Despite the strong medical applications, the mechanism for telomerase holoenzyme (the most important unit of the telomerase complex) assembly remains poorly understood. New research provides, for the first time, an atomic level description of the protein-RNA interaction in the vertebrate telomerase complex.
Scientists have discovered a new relationship between the three-dimensional shape of the cell and its ability to migrate. The work has important implications for the fundamental understanding of cell movement and for practical applications like tissue engineering.
Researchers have reduced the sophisticated chemistry required for testing water safety to a simple pill, by adapting technology found in a dissolving breath strip. Want to know if a well is contaminated? Drop a pill in a vial of water and shake vigorously. If the colour changes, there's the answer.
The Strategic Vision represents the culmination of the strategic activities of the Synthetic Biology ERA-NET (ERASynBio) - a project which aims to develop and coordinate synthetic biology in the European Research Area.
Biotechnology scientists must be aware of the broad patent landscape and push for new patent and licensing guidelines, according to a new paper from Rice University's Baker Institute for Public Policy.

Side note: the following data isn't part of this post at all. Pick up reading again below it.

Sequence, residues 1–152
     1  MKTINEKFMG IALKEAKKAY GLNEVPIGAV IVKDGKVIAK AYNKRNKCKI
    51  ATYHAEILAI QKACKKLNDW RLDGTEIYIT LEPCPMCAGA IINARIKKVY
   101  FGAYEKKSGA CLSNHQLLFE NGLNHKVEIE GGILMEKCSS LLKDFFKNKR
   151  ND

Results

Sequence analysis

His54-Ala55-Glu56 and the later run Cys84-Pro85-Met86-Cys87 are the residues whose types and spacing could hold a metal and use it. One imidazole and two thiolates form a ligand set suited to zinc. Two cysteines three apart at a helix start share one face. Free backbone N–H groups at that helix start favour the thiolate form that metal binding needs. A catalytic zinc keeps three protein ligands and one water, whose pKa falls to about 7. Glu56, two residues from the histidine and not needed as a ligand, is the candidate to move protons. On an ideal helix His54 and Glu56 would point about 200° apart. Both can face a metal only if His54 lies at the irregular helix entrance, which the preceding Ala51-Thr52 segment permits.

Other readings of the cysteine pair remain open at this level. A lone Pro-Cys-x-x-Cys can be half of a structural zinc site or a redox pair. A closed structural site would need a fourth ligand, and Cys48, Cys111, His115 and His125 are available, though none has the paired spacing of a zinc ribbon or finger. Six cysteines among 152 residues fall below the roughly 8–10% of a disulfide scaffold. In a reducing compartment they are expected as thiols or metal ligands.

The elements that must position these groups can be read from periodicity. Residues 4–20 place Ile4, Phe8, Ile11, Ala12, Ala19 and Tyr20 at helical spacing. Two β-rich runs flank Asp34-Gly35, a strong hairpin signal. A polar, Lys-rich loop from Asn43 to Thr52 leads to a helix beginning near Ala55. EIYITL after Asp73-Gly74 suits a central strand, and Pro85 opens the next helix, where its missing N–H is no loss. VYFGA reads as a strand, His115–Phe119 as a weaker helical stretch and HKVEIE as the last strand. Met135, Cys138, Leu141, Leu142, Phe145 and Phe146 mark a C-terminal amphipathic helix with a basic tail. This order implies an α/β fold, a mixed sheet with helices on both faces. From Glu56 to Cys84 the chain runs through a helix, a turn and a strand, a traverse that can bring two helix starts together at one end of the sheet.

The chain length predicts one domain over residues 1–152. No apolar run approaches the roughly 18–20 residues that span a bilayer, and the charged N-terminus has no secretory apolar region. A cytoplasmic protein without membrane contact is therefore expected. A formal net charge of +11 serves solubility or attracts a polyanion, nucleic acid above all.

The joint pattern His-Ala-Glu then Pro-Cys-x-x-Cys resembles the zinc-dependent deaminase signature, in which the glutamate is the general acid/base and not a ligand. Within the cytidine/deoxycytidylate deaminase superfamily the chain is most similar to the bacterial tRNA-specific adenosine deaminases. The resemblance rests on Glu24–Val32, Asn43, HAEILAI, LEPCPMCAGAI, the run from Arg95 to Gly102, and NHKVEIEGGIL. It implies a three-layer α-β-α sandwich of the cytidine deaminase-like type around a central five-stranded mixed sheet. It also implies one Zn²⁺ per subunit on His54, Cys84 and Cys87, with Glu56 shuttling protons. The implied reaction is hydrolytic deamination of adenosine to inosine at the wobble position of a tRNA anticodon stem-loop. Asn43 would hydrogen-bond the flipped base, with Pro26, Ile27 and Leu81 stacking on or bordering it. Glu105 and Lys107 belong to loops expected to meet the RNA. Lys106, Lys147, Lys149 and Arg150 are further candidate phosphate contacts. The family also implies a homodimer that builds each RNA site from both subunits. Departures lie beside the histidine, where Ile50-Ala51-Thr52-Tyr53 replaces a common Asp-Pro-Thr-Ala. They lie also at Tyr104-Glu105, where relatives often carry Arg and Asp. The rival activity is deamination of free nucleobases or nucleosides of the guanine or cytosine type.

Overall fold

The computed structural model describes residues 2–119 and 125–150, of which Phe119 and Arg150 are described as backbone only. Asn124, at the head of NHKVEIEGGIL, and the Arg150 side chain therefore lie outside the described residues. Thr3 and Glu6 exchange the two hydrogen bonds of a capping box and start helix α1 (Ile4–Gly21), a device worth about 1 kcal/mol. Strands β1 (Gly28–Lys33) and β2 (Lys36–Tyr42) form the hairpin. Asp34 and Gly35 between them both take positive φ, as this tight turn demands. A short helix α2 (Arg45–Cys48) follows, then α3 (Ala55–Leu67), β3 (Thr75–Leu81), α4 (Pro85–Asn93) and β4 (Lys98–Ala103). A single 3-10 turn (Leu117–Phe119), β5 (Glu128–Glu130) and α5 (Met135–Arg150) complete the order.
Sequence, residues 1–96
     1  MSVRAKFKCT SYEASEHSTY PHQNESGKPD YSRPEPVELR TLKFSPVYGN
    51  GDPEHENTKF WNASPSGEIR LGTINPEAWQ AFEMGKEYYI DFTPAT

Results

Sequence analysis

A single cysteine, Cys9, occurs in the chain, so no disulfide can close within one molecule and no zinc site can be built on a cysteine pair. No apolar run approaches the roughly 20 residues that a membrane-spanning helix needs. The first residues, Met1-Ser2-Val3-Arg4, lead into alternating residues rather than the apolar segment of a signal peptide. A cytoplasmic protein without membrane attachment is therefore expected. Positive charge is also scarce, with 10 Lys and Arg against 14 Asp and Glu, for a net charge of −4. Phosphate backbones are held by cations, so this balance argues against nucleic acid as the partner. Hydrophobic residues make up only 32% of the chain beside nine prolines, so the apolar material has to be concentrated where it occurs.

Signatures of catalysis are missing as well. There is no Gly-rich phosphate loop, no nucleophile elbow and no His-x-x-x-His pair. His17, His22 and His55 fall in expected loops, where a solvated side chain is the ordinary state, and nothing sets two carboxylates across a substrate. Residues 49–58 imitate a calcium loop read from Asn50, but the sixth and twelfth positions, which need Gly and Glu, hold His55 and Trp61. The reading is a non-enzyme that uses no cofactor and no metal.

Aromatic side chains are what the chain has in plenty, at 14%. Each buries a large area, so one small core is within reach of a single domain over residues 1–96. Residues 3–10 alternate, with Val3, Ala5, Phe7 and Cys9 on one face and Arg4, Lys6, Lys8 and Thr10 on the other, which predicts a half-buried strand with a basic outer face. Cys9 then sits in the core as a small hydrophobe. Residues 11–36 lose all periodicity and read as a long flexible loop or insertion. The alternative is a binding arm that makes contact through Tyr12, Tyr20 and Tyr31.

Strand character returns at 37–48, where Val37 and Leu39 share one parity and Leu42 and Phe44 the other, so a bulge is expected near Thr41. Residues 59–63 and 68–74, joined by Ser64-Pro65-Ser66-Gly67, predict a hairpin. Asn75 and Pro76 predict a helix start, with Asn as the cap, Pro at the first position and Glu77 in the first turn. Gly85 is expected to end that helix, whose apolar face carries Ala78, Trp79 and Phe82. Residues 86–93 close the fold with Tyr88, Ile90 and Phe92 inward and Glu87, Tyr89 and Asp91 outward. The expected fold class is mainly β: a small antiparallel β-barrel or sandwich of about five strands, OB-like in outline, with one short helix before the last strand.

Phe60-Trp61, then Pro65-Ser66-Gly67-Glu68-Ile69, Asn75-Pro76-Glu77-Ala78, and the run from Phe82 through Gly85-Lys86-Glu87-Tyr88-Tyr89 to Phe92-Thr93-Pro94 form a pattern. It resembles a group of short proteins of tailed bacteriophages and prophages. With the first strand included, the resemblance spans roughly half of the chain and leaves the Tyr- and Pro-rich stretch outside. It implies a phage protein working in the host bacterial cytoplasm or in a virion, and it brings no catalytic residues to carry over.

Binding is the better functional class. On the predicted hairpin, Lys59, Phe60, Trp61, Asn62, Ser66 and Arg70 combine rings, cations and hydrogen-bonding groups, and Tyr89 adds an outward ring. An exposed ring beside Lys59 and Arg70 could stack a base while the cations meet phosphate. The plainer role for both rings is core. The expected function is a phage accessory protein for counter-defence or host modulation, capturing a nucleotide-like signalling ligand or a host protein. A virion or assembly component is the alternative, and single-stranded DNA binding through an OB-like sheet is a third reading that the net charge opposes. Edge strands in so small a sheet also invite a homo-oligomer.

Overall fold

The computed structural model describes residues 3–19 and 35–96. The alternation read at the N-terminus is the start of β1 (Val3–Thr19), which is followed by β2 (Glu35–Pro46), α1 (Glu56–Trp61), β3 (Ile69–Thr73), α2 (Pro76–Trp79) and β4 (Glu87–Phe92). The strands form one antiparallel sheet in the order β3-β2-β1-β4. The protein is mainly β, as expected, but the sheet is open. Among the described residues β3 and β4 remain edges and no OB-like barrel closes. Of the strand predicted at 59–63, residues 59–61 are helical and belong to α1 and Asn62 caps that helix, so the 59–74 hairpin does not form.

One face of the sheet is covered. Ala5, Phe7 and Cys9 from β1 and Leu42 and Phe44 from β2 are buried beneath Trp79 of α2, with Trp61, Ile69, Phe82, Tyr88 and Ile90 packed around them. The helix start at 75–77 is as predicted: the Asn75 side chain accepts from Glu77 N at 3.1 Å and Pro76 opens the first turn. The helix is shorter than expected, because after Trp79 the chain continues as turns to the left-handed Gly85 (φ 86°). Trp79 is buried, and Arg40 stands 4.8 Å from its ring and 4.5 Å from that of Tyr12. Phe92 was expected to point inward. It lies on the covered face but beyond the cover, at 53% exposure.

With gene expression analysis growing in importance for both basic researchers and medical practitioners, researchers at Carnegie Mellon University and the University of Maryland have developed a new computational method that dramatically speeds up estimates of gene activity from RNA sequencing data.
Shape-memory polymers are an important class of materials in medicine, especially for minimally invasive deployment of devices. However, the rate of translation of the concept to approved products is extremely low. A paper described the general usefulness as well as the limitations of the shape-memory polymers for biomedical applications.
A football-shaped structure, known as the mitotic spindle, makes cell division possible for many living things. This piece of cellular architecture, responsible for dividing up genetic material, is in constant flux. The filaments that form it grow and shrink, while motor-like molecules burn energy pushing them about. To ensure the complex process proceeds in an orderly fashion, molecular fasteners pin the filaments together in certain places, and new research helps explain how they do it.
Droplets of filamentous material enclosed in a lipid membrane: these are the models of a 'simplified' cell used by the SISSA physicists Luca Giomi and Antonio DeSimone, who simulated the spontaneous emergence of cell motility and division - that is, features of living material - in inanimate 'objects'.